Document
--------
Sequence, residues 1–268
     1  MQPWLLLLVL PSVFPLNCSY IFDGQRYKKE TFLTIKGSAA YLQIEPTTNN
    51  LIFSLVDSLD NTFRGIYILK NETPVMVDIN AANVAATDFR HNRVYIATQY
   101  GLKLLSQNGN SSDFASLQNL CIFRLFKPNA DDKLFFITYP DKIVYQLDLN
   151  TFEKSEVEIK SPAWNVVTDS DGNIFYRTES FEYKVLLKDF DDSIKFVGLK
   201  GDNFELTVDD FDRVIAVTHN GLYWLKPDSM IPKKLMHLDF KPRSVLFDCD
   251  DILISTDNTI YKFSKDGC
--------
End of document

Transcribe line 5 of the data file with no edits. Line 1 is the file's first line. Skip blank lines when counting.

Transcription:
   151  TFEKSEVEIK SPAWNVVTDS DGNIFYRTES FEYKVLLKDF DDSIKFVGLK